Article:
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Friday, 08 March 2013 11:00

'Happy People: A Year in the Taiga' reveals a way of life in Siberia

'Happy People: A Year in the Taiga' reveals a way of life in Siberia musicboxfilms.com
Written by Martha K. Baker
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About this Media...

  • Director: Werner Herzog and Dmitry Vasyukov
  • Dates: Opened March 8, 2013

"Happy People: A Year in the Taiga" might seem terribly exotic, even a bit off-putting in its foreignness, but it is very seductive.

That quality is more attributable to the subjects than to the documentarians, but they are the ones who landed us in this strange world of snow and traps and living history. Werner Herzog, who created the 3-D documentary of the Chauvet cave, crafted "Happy People" from the documentary series on television by the Russian Dmitry Vasyukov.

The Taiga, a subarctic forest, sprawls all over Siberia. The film's subtitle refers to a year in this cold place, thus the film about a village of 300 cold souls is divided into the four seasons. Technically, however, summer and spring are so short that winter is the defining season. Spring, still white with snow, includes two holidays: May 1 is Labor Day and May 9 is Victory Day from World War II. Herzog, in one of his annoying voice-overs, observes that a veteran being interviewed is so overwhelmed by memories of war that he can no longer speak -- as if we cannot see he's crying.

Summer, for all its greenness, is a time of biting mosquitos. Summer holds days, each with 20 hours of sunshine, days for harvesting produce to can for the winter. Fall is a time to sing a paean to the sharp ax, for it's a time to cut wood and stack it several stories high.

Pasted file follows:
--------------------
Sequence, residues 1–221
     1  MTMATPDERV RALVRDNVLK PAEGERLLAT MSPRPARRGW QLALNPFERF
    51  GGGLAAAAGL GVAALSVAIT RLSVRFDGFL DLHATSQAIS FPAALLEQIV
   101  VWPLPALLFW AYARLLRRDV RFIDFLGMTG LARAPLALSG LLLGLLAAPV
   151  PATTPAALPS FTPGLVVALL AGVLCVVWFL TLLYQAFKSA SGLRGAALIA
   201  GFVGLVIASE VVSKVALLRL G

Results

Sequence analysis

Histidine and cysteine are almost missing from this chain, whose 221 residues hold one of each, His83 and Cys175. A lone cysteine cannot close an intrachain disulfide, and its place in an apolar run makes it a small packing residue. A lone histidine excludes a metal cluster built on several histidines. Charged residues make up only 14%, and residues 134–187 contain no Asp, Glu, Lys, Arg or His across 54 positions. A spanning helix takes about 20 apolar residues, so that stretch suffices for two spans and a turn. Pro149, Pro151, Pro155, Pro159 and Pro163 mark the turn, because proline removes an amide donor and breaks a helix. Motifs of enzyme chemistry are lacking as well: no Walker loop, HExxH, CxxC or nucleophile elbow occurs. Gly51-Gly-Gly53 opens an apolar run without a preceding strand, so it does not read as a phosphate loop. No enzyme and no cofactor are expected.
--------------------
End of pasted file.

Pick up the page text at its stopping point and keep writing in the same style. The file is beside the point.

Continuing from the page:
Winter, when the temperature ices down to 50 degrees below zero, is the time for trappers to go off alone to trap. They have prepared and repaired their woodland huts, sharpened their knives, built their traps and skis, hoisted the dried food into trees away from mice, and cut logs with wedges and clubs. The trappers describe their work as repetitions of their grandfathers' ways. They say that greed is the trapper's worst enemy and that their dogs are the most important members of the party: one trapper never lets his dog inside because that's what softies do; another trapper rides his snowmobile home in January for Christmas but his dog runs the entire way, miles and hours of running to get home.

Herzog and Vasyukov make beautiful use of helicoptered shots with wide snowscapes. Their underwater shots are lovely. They move close in to an old woman's turtle face. They film the night runs on snowmobiles, but neither filmmaker explains where the fuel for all those snowmobile rides is stored or at what cost. Still, there are more examples of old world economy than of modern extravagances. "Happy People: A Year in the Taiga" is exotic and educational, a marvel of modern story-telling about ancient ways -- if you can tolerate Werner Herzog's intrusions.

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